Bennett, Lapid in marathon talks to form anti-Netanyahu coalition


Unresolved disputes take coalition-building down to the wire; Rivlin’s legal adviser rejects challenge to Bennett becoming prime minister. GIL HOFFMAN

Would a government of Naftali Bennett and Yair Lapid really be a potential leftist disaster?

(photo credit: MIRIAM ALSTER)

Efforts to form a government that would replace Prime Minister Benjamin Netanyahu carried over until the final day, after several small disputes between the parties remained unresolved on Tuesday night.

Representatives of the eight parties set to join the coalition and the heads of six of the parties came to Ramat Gan’s Kfar Hamaccabiah Hotel on Tuesday in an effort to work out their remaining differences before the end of Yesh Atid leader Yair Lapid’s mandate to form a government ends on Wednesday night.

Ra’am (United Arab List) head Mansour Abbas arrived at the talks and told reporters his party would formally be part of the coalition, though it would not take any portfolios. Hefty sums will go to infrastructure and fighting crime in Arab communities as part of the coalition agreement.

Lapid must tell President Reuven Rivlin and Knesset Speaker Yariv Levin by Wednesday night at 11:59 that he can form a government; otherwise, the mandate goes to the Knesset, where any MK has the option to build a coalition with the support of 61 MKs.

Once Lapid makes his declaration to Rivlin and Levin, there will be seven days to hold a vote of confidence in the Knesset and then swear in the new government.

Levin must formally announce in the Knesset that a government had been formed, which gave more impetus to the negotiating parties to resolve their differences before the Knesset plenum convenes at 11 a.m. on Wednesday.

Levin said he would only decide on the timetable for the vote after Lapid called him. But Likud sources said Levin would consult with Netanyahu, and they were very likely to decide to postpone the vote until the last day permitted by law to put more pressure on Yamina.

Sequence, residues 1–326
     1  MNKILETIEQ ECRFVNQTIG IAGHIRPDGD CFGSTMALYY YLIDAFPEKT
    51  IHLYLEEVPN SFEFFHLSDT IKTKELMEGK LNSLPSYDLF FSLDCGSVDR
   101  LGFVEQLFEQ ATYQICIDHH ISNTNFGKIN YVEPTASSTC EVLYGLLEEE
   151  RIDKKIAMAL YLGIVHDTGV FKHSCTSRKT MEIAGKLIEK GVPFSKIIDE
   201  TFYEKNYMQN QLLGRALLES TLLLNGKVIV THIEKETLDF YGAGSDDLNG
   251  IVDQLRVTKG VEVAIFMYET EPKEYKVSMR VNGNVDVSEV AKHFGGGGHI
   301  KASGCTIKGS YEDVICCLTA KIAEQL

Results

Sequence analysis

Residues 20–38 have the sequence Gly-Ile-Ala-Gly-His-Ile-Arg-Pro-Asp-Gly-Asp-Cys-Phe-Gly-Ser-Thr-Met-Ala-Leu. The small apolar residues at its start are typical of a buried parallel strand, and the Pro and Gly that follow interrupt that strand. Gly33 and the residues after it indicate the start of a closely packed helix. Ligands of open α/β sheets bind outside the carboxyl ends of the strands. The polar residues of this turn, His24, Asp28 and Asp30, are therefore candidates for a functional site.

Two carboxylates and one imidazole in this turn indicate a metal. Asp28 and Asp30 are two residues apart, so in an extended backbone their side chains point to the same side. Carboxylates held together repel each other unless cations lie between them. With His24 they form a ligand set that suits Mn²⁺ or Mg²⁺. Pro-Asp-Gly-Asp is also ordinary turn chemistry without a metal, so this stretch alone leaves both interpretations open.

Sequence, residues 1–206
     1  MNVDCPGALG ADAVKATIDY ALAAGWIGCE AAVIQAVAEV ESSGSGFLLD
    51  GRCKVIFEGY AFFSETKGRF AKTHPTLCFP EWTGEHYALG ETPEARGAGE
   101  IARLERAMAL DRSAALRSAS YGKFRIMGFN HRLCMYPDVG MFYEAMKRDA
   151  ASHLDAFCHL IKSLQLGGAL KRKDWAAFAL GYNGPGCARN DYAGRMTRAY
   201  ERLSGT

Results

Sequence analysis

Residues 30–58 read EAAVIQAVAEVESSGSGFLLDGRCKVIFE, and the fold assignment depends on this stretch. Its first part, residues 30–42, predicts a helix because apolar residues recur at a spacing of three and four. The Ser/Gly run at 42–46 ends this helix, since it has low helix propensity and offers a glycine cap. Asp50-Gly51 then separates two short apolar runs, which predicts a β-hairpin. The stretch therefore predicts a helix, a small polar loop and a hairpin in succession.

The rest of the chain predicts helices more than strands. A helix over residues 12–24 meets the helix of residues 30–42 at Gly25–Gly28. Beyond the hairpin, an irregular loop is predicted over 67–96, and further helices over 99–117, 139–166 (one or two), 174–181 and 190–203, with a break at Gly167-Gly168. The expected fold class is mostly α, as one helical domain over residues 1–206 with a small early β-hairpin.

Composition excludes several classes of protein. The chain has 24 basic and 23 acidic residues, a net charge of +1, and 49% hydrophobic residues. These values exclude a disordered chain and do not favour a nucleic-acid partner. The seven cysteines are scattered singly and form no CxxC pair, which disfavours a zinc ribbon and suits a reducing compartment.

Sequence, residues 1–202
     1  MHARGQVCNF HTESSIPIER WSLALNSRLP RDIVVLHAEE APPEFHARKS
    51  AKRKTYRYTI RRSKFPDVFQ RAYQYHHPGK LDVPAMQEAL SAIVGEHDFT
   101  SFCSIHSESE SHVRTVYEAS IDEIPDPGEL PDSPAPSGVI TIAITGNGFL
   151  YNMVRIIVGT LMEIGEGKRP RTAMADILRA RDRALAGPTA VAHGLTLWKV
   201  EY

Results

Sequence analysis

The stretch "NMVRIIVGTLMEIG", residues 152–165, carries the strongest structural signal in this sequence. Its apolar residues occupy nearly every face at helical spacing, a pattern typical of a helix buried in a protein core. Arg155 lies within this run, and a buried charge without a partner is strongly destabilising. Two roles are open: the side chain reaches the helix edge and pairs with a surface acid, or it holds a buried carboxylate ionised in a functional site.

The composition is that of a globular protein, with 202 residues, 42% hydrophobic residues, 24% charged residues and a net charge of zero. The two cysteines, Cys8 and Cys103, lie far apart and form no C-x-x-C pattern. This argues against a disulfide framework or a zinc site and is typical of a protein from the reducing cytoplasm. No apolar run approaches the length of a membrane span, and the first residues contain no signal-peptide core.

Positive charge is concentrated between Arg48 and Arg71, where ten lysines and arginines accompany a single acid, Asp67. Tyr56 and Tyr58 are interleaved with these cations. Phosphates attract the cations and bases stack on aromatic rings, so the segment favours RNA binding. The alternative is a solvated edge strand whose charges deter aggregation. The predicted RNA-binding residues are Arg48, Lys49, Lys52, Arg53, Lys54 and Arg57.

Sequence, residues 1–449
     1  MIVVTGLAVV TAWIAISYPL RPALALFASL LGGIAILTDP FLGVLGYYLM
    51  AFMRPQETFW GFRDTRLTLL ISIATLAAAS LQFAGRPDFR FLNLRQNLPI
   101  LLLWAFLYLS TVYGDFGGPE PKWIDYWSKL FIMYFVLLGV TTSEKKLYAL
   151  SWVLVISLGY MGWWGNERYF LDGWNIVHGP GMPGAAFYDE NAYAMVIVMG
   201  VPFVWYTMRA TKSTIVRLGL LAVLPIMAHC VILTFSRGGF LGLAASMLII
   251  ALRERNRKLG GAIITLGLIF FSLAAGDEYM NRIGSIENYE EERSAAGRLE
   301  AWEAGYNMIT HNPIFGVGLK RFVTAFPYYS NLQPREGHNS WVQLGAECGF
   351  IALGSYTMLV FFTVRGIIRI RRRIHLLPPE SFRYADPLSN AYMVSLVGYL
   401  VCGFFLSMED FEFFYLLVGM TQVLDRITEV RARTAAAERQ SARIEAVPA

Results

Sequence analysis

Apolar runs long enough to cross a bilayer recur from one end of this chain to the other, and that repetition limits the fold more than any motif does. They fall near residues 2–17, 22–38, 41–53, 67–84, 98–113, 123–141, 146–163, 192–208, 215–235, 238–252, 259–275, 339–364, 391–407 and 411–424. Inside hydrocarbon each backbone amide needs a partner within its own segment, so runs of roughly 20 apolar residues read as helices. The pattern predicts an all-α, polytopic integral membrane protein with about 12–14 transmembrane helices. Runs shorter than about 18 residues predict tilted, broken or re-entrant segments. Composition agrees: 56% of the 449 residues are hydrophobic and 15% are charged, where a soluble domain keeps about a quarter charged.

“I believe that with good will it is possible to conclude the negotiations and tell the president that the government can be formed,” Yisrael Beytenu leader Avigdor Liberman told participants at the Bar Association conference in Eilat on Tuesday afternoon.

Due to the threats to Yamina leaders Naftali Bennett and Ayelet Shaked, he sees “happening what everyone saw happen in the Capitol in Washington,” he warned.

Likud faction chairman Miki Zohar called Liberman’s statement a wild exaggeration.

“There won’t be anything like what happened at the Capitol,” he told the Knesset Channel. “We will respectfully go to the opposition.”

The Likud wrote to the legal adviser of the President’s Residence, Udit Corinaldi-Sirkis, questioning whether Yamina leader Naftali Bennett could be permitted to form a government during the mandate of Lapid.

In response, Corinaldi-Sirkis said the Knesset member entrusted with forming a government can serve as alternate prime minister, as Lapid will, according to the law.

Liberman mocked the Likud, saying Netanyahu had offered a prime-ministerial rotation of three party leaders.

“This is either a joke or just shameful,” he said.

The Likud also asked Corinaldi-Sirkis to require Lapid to tell the president the makeup of the coalition, whether it will be an alternating government and who will serve as alternate prime minister. Corinaldi-Sirkis accepted that request.

In a blow to Yamina, Roni Sassover, who was slated in the 13th slot on Yamina’s Knesset list in the March election, on Tuesday announced she did not support the formation of a government with left-wing parties.

Bennett is fit to lead the country, but the government being formed does not match her political worldview, Sassover wrote on Twitter.

Sassover joined Shai Maimon, who was No. 10 on the list, and Asher Cohen, who was No. 15. Sderot Mayor Alon Davidi, who was No. 3 on the list, decided after the election to remain mayor instead of entering the Knesset.•



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